A few months ago I saw an ad in the local hospital for a bipolar support group. It said “having bipolar is like being allergic to stress”. That’s about the most accurate description I’ve seen, I think.
I haven’t posted much on here in the last few months because I have been finishing up my doctoral thesis, then I took a holiday (my first in 5 years) and now I’m working on job applications. It has been, in every sense, an exceptionally stressful few months.
It is perhaps curious, then, that it is only in the last week, a month and a half after I submitted my thesis, a month since I got back from a lovely holiday, and a week after I got a job application in, that the crushing anxiety, panic and low mood has really set in.
Whilst bipolar is an ‘allergy’ to stress, the reaction is often delayed and it can be hard to deal with that. Immediately after submitting my thesis I braced myself for a downswing, cleared my diary and prepared to meltdown. But it didn’t come. ‘Perhaps it’s not going to!’ I thought. ‘I’ll just get on with preparing for my holiday!’. In the first couple of days of my holiday, whilst I was in Zagreb, I began to feel the black edging into the edges of my thinking – ‘ah! here it is! Best take myself off somewhere quiet to mope’. But again, it never really came through – I travelled south in Croatia to Split and the sun was out and my troubles seemed to lift. ‘Maybe I really am cured!’ I thought. ‘Perhaps the secret cure for cyclothymia is writing 80,000 words followed by sunshine!’
There was a nagging sense, deep inside me, that all that was happening was that the holiday was delaying the inevitable. That low, that allergic reaction, was just waiting for me, biding it’s time.
Buoyed along by a busy schedule and post-holiday glow (literal and metaphorical, managed to get a lovely tan in 7 days in the sun), the week following my holiday was pretty solid. But, little by little, I began to slow down. Waking later, sleeping longer, heating up meals from the freezer instead of creating culinary masterpieces from scratch. It was coming. Having terrible dreams, waking up sweating and gasping for breath. The first signs of the inevitable reaction – the mental health equivalent of itchy skin, fuzzy tongue, sneezing.
And so, we come to today. Woke up, after another night of terrible dreams. barely able to walk in a straight line (anyone else experience low swing as significant impairment in physical-coordination?) Ate breakfast. Fell asleep again for 2 hours. Stumbled about for a few hours, tried to boost mood with music, ended up crying to Vivaldi, of all things. Tried to work – read the same sentence of an article 4 times in a row before giving up. Tried to sew – took me three times as long as normal to do a small section, abandoned. Considered visiting family, decided it wasn’t worth risk of an argument. Digestive system, which has been merrily melting down in response to stress since May, reaching it’s peak in pain.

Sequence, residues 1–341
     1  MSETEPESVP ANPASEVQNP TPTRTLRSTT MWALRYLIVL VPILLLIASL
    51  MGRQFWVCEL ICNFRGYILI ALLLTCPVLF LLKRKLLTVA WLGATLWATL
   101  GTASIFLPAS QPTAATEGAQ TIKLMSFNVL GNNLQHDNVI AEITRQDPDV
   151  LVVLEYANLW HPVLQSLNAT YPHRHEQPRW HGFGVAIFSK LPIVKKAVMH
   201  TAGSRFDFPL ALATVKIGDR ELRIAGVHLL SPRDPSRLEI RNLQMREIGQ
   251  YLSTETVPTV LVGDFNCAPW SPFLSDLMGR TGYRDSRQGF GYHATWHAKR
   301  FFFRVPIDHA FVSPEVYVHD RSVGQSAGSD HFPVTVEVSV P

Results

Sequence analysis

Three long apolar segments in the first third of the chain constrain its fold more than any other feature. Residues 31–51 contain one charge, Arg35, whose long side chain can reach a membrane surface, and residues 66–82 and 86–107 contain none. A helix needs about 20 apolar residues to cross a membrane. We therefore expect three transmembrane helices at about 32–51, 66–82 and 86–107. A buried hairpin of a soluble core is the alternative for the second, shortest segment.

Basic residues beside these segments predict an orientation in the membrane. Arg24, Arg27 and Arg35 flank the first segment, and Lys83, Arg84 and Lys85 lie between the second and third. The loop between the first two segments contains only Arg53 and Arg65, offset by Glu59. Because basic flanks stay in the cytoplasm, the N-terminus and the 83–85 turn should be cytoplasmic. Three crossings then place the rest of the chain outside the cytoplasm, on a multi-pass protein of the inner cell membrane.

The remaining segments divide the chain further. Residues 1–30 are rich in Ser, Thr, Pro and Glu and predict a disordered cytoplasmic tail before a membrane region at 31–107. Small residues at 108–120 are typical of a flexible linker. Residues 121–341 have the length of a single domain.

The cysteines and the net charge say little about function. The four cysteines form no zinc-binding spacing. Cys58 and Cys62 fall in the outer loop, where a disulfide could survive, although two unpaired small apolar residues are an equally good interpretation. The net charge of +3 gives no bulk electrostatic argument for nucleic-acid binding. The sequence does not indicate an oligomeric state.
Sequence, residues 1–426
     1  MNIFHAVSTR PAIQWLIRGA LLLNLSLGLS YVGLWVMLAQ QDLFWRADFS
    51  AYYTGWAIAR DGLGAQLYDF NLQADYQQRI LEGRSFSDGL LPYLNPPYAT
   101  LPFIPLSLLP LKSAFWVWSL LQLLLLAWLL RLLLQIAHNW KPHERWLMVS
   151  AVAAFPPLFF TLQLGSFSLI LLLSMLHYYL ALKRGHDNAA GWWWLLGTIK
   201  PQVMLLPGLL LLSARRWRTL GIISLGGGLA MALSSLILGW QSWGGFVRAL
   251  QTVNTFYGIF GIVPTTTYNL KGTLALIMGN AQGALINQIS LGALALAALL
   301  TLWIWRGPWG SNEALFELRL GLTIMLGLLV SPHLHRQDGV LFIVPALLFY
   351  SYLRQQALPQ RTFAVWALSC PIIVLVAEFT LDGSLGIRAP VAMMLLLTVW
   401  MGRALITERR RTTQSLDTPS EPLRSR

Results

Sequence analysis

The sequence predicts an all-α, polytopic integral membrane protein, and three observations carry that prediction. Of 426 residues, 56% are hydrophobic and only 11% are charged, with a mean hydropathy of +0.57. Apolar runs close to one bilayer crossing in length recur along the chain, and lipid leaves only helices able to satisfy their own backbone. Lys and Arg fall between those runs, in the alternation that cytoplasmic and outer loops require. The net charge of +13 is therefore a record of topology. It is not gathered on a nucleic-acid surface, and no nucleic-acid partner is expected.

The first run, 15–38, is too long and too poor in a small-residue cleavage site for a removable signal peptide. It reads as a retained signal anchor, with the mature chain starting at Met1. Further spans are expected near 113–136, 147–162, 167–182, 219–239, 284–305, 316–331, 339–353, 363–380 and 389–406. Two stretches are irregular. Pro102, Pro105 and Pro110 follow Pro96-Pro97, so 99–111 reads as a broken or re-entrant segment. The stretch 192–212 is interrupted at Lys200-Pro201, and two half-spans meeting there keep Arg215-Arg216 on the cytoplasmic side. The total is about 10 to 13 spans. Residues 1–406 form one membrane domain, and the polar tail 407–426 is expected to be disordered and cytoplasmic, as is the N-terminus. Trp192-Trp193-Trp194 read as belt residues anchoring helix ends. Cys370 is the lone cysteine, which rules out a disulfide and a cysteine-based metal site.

Do I feel stressed? No. Do I have any urgent jobs, bills, or commitments? No. The peak stress is gone. There are, of course, still various tasks and events on the horizon which will be challenging and likely stressful, but nothing in the immediate future. This is cyclothymia. This is what stress does. It goes in, gets absorbed, and then, when there’s nothing pressing, when there is time, it’s released throughout your mind and body, disrupting all the vital systems, leaving you on your knees amidst apparent calm.
I’m falling to pieces in a house well stocked with food, bills paid, jobs done. I’m struggling to sleep in a large bed when I don’t have an alarm set for the morning and I couldn’t tell you the name of the thing that is worrying me half to death.
For people with bipolar spectrum conditions, stress is so like an allergen. It’s a constant presence in life, ebbing and flowing with the season and the location. And it is almost impossible to protect yourself from – it sneaks into your world, leaking through the cracks in whatever plans you make or precautions you take.
Right now, it feels like the UK is in meltdown. As the government and new Prime Minister push ahead on the disastrous Brexit plan, the main opposition party is in disarray and entirely incapable of coordinating a strenuous response to the inevitable public funding cuts, Brexit, and the terrifying rise in hate crime and hate speech. This is stressful. And, along with the undefined worries which already plague me, I can feel my mind absorbing it all, quietly storing it away, ready to top up my anxiety at any moment.
Sometimes it feels like cyclothymia disqualifies you from living in the world at all.